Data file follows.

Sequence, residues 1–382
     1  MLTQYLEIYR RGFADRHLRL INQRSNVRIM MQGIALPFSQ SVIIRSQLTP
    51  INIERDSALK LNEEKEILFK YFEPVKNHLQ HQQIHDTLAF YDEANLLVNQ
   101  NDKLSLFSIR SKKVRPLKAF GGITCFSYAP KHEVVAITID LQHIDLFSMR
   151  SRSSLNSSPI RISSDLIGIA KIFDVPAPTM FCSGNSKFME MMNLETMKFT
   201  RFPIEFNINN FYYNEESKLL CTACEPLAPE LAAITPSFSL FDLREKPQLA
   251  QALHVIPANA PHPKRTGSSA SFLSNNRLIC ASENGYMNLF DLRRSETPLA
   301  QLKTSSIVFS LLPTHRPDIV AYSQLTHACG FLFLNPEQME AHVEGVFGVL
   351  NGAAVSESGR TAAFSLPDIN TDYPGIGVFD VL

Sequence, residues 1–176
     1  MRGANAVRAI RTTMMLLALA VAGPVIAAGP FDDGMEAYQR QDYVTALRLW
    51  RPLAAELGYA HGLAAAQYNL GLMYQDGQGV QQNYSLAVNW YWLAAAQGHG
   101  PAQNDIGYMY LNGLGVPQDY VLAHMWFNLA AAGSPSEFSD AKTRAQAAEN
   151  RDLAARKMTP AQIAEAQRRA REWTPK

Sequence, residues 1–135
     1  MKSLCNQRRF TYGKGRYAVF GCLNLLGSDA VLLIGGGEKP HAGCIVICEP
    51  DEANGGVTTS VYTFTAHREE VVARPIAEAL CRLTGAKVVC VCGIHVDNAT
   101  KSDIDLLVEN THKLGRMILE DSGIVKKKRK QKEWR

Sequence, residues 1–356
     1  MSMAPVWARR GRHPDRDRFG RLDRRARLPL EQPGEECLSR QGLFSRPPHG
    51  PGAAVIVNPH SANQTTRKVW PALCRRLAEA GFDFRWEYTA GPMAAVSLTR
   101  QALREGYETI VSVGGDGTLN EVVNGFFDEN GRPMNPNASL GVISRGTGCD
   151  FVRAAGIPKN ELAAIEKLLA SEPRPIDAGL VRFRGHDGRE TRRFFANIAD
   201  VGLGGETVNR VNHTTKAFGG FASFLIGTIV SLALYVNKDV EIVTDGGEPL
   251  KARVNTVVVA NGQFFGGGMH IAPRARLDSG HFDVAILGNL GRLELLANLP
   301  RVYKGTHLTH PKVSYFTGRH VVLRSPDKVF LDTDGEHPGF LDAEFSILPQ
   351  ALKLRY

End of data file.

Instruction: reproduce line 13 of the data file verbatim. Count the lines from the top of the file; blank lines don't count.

   101  PAQNDIGYMY LNGLGVPQDY VLAHMWFNLA AAGSPSEFSD AKTRAQAAEN